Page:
Saturday, December 26, 2009

Eating the View

Who says a landscape has to be merely beautiful? By the same token, why must edible plants be banished to the back garden, out of view? I'm here to tell coastal homeowners: yes, you can have your beautiful landscape and (like cake) eat it too.

A trend has gripped the nursery industry these past couple years, with the onset of the scary economic situation that began in late 2007. "Edible" plants are all the rage. Funny thing is, for many vegetable and fruit growers like me, edibles have always been our reason for gardening in the first place. We may have all started with a tomato plant or two, and before you know it, the winter seed catalogs have us prancing down the garden path toward exotic herbs and Asian greens, not to mention strange fruits.

By now, many of you have become familiar with attractive landscape-quality edibles like kale, Swiss chard (especially the 'Bright Lights' variety) and the striking artichoke. These dinner staples can be worked right into a varied perennial or shrub border, fitting in as comfortably in the front yard as the veggie patch.

What you may not realize, or perhaps haven't considered, is that many fruiting plants are front-yard stunners as well. Why bother with barberry and cotoneaster in your foundation plantings, when you could instead plant an elderberry, evergreen huckleberry, cranberry, currant or gooseberry? Many of these plants offer more than just the fruit but also floral and changing-color leaf displays to enjoy. Those among us with an adventurous spirit, willing to pay attention to cultural plant needs, might even try the cutting-edge seaberries or honeyberry.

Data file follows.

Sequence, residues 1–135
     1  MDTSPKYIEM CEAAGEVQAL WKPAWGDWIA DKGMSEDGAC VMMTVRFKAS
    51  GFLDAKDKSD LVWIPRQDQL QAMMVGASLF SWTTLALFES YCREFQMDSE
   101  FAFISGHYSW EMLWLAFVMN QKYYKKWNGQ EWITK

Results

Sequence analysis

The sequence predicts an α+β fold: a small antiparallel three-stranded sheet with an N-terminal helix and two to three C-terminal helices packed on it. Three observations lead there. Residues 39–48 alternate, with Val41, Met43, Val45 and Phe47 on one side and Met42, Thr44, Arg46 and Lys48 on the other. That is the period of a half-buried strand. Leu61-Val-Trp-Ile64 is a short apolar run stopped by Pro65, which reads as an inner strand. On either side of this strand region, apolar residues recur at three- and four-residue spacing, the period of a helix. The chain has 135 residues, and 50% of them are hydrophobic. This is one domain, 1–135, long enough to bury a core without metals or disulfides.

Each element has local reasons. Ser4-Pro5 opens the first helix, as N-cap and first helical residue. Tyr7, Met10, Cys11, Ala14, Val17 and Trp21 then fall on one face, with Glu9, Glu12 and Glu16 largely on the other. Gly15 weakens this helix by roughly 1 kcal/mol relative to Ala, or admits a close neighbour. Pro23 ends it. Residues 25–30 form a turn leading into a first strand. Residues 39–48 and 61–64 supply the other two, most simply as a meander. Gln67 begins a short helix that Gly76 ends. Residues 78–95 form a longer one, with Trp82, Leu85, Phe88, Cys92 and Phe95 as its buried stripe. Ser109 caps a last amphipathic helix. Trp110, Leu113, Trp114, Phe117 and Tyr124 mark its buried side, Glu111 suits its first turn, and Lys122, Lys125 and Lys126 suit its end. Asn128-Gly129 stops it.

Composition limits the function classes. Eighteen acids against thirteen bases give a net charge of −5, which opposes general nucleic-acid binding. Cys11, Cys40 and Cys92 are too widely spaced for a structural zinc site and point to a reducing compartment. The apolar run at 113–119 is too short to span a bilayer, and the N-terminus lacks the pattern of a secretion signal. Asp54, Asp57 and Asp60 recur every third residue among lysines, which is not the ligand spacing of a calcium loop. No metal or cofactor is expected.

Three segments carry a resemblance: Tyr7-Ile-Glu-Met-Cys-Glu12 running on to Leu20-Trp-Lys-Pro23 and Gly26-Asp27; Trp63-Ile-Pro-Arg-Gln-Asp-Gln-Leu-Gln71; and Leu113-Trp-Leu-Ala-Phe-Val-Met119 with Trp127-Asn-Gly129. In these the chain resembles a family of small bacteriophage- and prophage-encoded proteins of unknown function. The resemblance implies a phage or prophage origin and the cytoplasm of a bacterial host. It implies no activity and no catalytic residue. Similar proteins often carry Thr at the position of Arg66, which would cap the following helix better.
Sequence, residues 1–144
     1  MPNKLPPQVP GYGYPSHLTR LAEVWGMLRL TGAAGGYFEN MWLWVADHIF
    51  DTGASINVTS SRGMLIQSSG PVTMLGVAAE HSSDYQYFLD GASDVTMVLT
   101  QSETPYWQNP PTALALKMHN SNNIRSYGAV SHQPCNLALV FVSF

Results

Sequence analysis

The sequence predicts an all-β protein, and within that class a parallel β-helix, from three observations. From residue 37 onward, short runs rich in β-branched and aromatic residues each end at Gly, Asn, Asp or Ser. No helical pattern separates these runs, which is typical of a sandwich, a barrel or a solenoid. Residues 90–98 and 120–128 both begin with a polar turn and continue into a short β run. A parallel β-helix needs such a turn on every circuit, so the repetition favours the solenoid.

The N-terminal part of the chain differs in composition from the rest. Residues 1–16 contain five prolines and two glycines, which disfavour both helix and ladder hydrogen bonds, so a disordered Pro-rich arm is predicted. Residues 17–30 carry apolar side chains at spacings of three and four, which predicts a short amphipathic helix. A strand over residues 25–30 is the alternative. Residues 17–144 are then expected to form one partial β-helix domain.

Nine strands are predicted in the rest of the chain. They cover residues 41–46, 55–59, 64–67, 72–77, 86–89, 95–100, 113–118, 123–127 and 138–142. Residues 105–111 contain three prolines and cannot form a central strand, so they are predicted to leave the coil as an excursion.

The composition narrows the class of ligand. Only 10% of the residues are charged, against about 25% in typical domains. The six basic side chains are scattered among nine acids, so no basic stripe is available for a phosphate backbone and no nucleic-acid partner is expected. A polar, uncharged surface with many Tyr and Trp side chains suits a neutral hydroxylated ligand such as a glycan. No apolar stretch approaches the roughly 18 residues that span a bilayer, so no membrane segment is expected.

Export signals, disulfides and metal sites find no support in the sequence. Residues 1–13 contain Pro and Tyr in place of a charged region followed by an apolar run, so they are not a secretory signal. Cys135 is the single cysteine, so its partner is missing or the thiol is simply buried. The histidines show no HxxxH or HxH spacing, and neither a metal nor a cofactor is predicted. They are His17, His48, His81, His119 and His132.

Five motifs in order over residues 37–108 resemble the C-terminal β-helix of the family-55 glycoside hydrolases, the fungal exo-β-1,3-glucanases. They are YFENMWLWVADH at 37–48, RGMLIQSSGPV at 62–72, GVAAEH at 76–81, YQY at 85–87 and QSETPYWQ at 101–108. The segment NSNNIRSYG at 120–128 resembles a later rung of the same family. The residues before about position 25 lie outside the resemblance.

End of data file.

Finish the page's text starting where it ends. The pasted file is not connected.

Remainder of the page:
Working old familiar standards into a landscape can be easier than you think. In the past couple years, I have transformed a formerly sad juniper-patch into strawberries, and the south side of my garage is the perfect habitat for a 'Frost' peach tree, trained into a fan. This pink-flowered stunner provided 30 fruits in its first year. A stone retaining wall is now lined with a row of 'Saanich' raspberries instead of handrail, and the back fences of my property support a 3-way pear, 3-way apple and 3 new varieties of grape selected for the coast. The apple and pear are espaliered, to make the most of limited space.

Take a good long look at what is filling your front yard and ask some questions like, does it get full sun? Is there shelter from the strongest winds? What is that plant (in place now) doing for me-- is it flowering, providing groundcover, or just taking up space? Do I appreciate the texture, color, fall display? After you assess these questions, you can begin to think through what edibles might take their place, and provide you with more than just scenery. What you might get instead, is good eats!

My fruiting plant sources in the Northwest: Raintree Nursery (WA) and One Green World (OR). Be sure to check what can be shipped into your state-- many are prohibited to cross state lines.

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